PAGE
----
Lure of the Virtual Numbers: Aswath writes, “Not being a business guy, I wondered the business model behind this service. How is it that the service is so inexpensive? Indeed, VoIPuser gives away virtual numbers … for, get this, free! For me this all the more remarkable, till I realized that they are taking the kickback charges they receive for terminating the call, to pay for the forwarding of the call.”
Cox readies VoIP for prime time: America’s Network reports that Cox Communications, providing wired telephone service to more than 1 million customers in more than 13 markets, has decided to bring VoIP into the mainstream of its telephone product portfolio. An official announcement expected at the U.S. Telecom Association (USTA) show early next month in Las Vegas.
Cisco and Skype: Strategic Speculation: Cisco, the company that has yet to meet a protocol that it doesn’t like may very well be working with Skype to implement their non-standard firewall piercing technology into their family of routers and other edge devices. This would be a move that would keep Skype technology proprietary and give both them and Cisco the edge in delivering real-time communication services in what would otherwise be hostile working enviornments.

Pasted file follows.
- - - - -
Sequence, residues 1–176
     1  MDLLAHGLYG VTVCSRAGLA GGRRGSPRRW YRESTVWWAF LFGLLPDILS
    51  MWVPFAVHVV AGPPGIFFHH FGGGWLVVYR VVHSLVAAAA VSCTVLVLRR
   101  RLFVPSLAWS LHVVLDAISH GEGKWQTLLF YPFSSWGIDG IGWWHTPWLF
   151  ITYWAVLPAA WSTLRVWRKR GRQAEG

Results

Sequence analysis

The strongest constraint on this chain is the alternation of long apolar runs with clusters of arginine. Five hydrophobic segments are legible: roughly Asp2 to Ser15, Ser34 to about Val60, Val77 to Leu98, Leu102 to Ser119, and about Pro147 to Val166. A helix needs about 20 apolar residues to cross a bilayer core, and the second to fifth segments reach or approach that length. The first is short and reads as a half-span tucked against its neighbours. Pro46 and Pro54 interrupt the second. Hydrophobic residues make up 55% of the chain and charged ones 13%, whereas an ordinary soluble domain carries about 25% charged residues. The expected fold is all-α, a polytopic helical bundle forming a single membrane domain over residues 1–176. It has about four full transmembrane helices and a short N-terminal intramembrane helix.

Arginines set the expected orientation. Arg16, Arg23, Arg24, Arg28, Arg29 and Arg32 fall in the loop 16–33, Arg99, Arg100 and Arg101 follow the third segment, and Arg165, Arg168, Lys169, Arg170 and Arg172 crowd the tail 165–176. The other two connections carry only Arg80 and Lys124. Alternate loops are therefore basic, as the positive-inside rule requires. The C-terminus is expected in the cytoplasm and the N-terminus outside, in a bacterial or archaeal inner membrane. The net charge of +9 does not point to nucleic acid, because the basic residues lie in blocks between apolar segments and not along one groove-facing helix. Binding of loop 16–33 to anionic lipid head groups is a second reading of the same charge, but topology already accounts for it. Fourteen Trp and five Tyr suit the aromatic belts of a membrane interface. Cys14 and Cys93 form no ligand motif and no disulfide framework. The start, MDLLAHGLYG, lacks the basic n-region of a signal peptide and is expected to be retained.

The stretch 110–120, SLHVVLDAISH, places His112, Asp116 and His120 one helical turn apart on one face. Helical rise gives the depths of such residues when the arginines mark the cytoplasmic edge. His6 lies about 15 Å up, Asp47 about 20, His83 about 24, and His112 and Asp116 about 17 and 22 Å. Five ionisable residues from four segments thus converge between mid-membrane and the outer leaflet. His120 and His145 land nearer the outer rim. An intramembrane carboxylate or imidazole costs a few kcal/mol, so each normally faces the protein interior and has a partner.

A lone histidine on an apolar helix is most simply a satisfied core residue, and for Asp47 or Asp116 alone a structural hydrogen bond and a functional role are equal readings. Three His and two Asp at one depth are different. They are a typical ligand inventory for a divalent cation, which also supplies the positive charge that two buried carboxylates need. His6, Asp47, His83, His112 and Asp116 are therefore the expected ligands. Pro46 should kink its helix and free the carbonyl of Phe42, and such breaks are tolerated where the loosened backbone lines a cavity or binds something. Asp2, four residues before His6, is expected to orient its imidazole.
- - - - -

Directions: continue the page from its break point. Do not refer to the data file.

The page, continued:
Alcatel Buys eDial: Network World reports that Alcatel has bought eDial for $27 million in stock and cash. EDial makes a conferencing and collaboration server based on the Session Initiation Protocol (SIP). Cisco bought Latitude Communications for $80 million in November 2003, while Avaya bought Spectel, a Web-based voice/video conferencing vendor, for $103 million. Alcatel got a bargain it seems. More SIP buying around the planet
Voice over WiFi: Sure, and a bridge for sale in Brooklyn. VoIP is good in some environments, not in all. Voice on GSM is just fine, Skype or not.
Defend your VoIP: Technewsworld on how to prevent VoIP networks from hackers and other security nightmares.
EarthLink’s lab released a proof-of-concept application showing off how SIP can be used for purposes other than what it was designed–VOICE. The proof of concept shows off the concept of sharing data, ala KAZAA. It’s called SIPshare, and is a peer-to-peer application designed to show how SIP — for Session Initiation Protocol — can be used for more than its typical collaboration and voice over IP.[ via Andy’s VoIP Watch]